Should I study business or economics?
Are economics more theoretical than business? And how about the career prospects? If you are at the juncture of deciding between economics and business for your university major, Digital Senior would like to offer you some advice on how to choose between these two potentially confusing subjects.
Before we go into the specifics, let us clarify something. Most people find the finance concentration in business confusing with economics. Other areas of the business study, such as marketing, IT or human resource, are very distinct from economics and should not be sources of concerns for you.
Then what are the difference between business with finance specialization and economics? One of the most popular opinions is that economics is more theoretical. Well, both disciplines teach you a lot of theories; and theories being theories, they may not be applicable to the real life problem. In finance, one of the most influential financial theory, the M-M theory, is only valid under more than five restrictive (and unrealistic) assumptions. Same goes for economics, where consumer choice and market structure are more true in textbook than in the real world.
Hence you should not go into the business major expecting to learn things that are immediately transferable to your workplace. The aim of university education is to train your ability to think and learn, and nothing can do a better job than theoretical learning.
Having said that, you are right to say that economics is more theory-driven than business. Economics is at a higher level of abstraction. It is not far from truth to say that business finance derives its insight from financial economics and modify them for the business context. Hence business is more practical in the sense that you will find what you learn in school is relatively more applicable and occasionally what you learn in business finance is indeed what the working professionals are doing on their jobs.
Economics: more mathematical?
Other than the degree of being theoretical, the curriculum structures are also different. In economics, you will need to learn modules that are not directly related to finance, such as international trade or the theory of firm. If you want to learn more things other than finance, or you have yet to decide your area of study, studying economics gives you a good exposure to many more areas. It is also more mathematical in general, as almost every economics module requires a fair amount of mathematics (algebra, differentiation and statistics). If you enjoy working with numbers, you are likely to excel in economics.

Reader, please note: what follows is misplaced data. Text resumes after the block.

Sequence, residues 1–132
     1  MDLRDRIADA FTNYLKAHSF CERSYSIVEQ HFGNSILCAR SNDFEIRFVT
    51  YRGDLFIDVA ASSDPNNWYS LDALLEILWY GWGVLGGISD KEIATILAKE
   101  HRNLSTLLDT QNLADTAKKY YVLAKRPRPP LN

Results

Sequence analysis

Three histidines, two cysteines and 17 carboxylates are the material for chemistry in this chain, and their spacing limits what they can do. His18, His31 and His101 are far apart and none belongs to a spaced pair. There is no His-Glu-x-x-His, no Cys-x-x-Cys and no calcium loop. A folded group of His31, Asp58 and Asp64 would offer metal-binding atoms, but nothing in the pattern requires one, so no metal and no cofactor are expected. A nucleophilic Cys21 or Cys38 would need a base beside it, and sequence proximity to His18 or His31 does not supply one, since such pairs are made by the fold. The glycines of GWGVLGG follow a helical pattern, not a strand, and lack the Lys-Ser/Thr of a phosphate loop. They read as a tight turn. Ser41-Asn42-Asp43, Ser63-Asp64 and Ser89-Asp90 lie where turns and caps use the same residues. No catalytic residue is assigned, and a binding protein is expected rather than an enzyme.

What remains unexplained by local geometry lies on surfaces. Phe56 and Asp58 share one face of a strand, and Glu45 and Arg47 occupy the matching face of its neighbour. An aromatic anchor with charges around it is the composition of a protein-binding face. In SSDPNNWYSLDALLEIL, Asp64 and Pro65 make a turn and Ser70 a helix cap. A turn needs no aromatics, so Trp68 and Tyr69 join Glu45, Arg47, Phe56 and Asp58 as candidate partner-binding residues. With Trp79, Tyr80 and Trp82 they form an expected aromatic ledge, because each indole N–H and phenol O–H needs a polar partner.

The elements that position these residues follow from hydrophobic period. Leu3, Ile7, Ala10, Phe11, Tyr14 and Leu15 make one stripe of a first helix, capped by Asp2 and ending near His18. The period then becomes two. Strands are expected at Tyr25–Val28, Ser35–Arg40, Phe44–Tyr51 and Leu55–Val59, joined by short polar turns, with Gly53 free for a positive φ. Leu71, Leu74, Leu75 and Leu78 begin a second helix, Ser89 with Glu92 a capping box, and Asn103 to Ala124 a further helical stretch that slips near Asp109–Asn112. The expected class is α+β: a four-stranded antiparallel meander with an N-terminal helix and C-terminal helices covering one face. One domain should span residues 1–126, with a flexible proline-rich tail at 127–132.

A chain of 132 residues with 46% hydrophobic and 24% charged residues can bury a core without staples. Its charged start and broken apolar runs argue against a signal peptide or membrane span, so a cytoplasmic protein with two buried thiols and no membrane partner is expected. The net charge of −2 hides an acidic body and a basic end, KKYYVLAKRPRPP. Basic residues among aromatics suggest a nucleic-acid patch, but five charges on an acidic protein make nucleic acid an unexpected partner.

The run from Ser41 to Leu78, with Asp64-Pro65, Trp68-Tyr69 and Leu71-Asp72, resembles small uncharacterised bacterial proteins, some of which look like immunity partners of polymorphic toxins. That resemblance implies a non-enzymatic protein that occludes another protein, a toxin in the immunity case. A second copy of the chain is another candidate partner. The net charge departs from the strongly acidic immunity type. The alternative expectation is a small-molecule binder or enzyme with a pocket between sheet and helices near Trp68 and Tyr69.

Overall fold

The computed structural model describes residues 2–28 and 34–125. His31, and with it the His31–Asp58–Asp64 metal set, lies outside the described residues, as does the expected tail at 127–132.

Business: get around with maths
In business, however, there are more finance courses available to you. If you want to take more advanced finance courses, going to a business school is a good choice. Of course, those courses will be heavy in mathematics. However, other business modules which you are required to take are not so mathematical or even are writing based. If you are allergic to number and still want to learn some finance, going to a business school is a good strategy.
What can I do with it in the future?
How about career prospect. Let’s face it: your choice of major should be made with your choice of career in mind. Though it is still too early for you to make up your mind, you probably have certain directions in mind. The two majors give you quite different career choices.
In economics, other than the finance industry, you can get into public policy, research or many other areas, such as some international organizations, that requires a good understanding of how companies, markets and people behave. It offers a wide range of jobs, because economics is essentially a versatile discipline that covers many aspects of our society.
In comparison, business with finance major is more focused. Students under that track learn more finance knowledge and are more equipped with working in the finance industry, such as banks, asset management firms and financial regulatory bodies. The more rigorous finance training may make a business graduate stand out compared to an economics graduate when considered for a bank job.
‘So if I want to work in the finance industry, I should take business instead of economics?”‘ This is the question you may have now. This question can only be answered in a larger context. The decision made by a recruiter is always based on holistic consideration: your interview, GPA, major of study, work experiences and activities. A lower GPA can hardly be compensated by a ‘more attractive’ major. Digital Senior has seen students under two categories moving on to excellent careers in finance; and they wouldn’t tell you it is the name of their major that helps them get it.
But if you really press us for an answer, Digital Senior would say that business schools usually have better career resources compared to social science schools to which economics belongs. Business schools are also more aggressive in their branding, so they may enjoy better reputation among employers. That’s as far as the advantage of studying business goes compared to studying economics.
Don’t want to make a choice? Then consider taking a double major or degrees in business and economics. But don’t forget: you will be assessed holistically and you will do well in your study once you enjoy it more.